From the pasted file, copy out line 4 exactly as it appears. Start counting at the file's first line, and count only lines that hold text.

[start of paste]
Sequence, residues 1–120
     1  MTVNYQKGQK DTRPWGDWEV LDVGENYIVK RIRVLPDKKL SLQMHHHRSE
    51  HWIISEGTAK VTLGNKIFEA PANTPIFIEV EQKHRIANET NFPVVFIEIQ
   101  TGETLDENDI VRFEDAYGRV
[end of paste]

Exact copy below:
   101  TGETLDENDI VRFEDAYGRV